Men's Basketball: St. Anselm edges SNHU
GOFFSTOWN - Saint Anselm College went on a 20-2 run to open the second half, then withstood a Southern New Hampshire University rally late to win 83-75 Saturday at Stoutenburgh Gymnasium in a nationally televised game on CBS Sports Channel.
Dino Mallios and Mike McCahey combined for 29 second-half points to help propel the Hawks to victory.
The win improves the Hawks to 14-6 overall and 12-4 in the Northeast-10 Conference. SNHU drops to 8-8 in conference play and 11-9 overall.
McCahey led all scorers with 21 points. Mallios and Chris Santo had 15 each for the Hawks.
Elijah Bonsignore had 15 poins for the Penmen, while Rodney Sanders added 14. Aleksandar Dobrovic scored 13, all in the second half.
The game was reminiscent of the one played Nov. 20 at SHNU, when the Hawks came from behind to win 88-65.
"I thought we controlled the first half," said Penman coach Stan Spirou. "Then in the first five minutes of the second half, they got some easy shots, some put-backs, and it was uphill from there."
Saint Anselm Coach Keith Dickson called his team "a little rusty" after having only played two games in the last 14 days, but he credited Mallios and McCahey for sparking his team in the second half.
"We came out more with an edge," said Mallios about the second half. "We started making shots. We just came out with more of a chip on our shoulder."
The matinee game was played before a capacity crowd of 1,128.
The teams traded runs and leads throughout the first half, which at one point saw a 10-point lead for the Hawks before the Penmen finished strong for a 32-29 lead.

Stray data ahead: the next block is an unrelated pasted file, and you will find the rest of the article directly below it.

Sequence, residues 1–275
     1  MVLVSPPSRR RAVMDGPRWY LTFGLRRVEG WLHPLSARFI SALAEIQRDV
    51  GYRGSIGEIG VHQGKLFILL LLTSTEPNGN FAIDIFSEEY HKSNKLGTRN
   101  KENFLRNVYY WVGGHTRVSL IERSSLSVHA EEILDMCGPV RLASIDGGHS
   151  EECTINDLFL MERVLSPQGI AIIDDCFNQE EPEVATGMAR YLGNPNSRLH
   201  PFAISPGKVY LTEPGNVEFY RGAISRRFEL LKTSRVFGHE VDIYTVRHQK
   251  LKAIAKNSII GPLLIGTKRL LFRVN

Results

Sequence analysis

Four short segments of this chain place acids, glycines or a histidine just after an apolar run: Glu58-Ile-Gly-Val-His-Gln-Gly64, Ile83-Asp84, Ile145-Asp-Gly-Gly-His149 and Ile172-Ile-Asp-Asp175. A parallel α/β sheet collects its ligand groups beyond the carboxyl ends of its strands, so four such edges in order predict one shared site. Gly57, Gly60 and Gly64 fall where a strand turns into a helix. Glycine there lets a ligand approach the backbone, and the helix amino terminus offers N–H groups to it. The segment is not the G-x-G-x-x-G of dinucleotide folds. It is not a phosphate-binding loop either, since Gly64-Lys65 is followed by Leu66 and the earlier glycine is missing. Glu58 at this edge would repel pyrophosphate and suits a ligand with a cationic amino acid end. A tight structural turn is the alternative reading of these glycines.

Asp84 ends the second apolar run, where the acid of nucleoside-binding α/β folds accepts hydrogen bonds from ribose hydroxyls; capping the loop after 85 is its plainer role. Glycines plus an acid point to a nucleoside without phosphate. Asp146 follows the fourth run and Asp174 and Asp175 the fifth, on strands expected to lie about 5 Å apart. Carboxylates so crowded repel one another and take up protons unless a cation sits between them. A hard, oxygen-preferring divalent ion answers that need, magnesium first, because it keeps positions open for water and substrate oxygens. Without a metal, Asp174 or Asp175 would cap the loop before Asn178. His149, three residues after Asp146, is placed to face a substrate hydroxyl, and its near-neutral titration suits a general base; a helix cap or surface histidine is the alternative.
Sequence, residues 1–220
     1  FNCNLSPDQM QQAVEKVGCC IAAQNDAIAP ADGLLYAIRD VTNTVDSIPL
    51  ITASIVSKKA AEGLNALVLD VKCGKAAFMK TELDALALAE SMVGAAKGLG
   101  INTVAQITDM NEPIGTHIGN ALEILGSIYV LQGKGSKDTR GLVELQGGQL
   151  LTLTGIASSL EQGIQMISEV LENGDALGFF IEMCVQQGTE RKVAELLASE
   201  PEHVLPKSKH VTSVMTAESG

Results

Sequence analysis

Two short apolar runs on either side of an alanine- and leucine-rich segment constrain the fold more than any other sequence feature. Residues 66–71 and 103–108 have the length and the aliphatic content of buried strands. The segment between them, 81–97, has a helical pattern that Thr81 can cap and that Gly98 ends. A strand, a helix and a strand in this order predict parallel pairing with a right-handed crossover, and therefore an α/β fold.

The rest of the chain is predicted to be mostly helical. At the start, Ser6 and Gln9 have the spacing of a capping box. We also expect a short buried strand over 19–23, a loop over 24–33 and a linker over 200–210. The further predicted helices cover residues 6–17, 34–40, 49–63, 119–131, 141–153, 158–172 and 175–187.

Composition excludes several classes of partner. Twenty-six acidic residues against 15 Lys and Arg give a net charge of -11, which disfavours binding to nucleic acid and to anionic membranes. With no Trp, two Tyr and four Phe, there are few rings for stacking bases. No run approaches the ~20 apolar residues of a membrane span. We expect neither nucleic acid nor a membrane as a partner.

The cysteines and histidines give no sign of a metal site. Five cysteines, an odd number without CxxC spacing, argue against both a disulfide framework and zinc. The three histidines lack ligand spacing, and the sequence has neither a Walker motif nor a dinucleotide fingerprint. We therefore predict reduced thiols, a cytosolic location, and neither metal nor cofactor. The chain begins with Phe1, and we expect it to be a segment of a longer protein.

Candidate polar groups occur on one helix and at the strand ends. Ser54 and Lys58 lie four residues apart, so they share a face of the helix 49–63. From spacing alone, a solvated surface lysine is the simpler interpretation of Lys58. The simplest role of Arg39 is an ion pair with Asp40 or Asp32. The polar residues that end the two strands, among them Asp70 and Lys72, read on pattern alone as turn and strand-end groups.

But SNHU started cold from the floor in the second half, and Saint Anselm took advantage with a 20-2 run to go up 49-34 with 14:42 remaining.
The Penman got back to within four, 71-67, with 3:30 left, but a technical foul on Dobrovic gave the Hawks two points and stalled the SNHU run.
"I was proud of my kids today," Dickson said. "Very poised all the way through. I like the way we're playing. I'm happy with what we're doing."
How did Dickson like playing to a national TV audience?
"For the kids, I don't think it mattered that much," he said. "But I think the TV game got the atmosphere up to where a college basketball game should be."
Mallios agreed with Dickson about playing on TV. "Just like any other game, just a few extra cameras," he said.
McCahey said the biggest difference was in how the television coverage seemed to spark the crowd. "I've never heard it that loud for a game before," he said.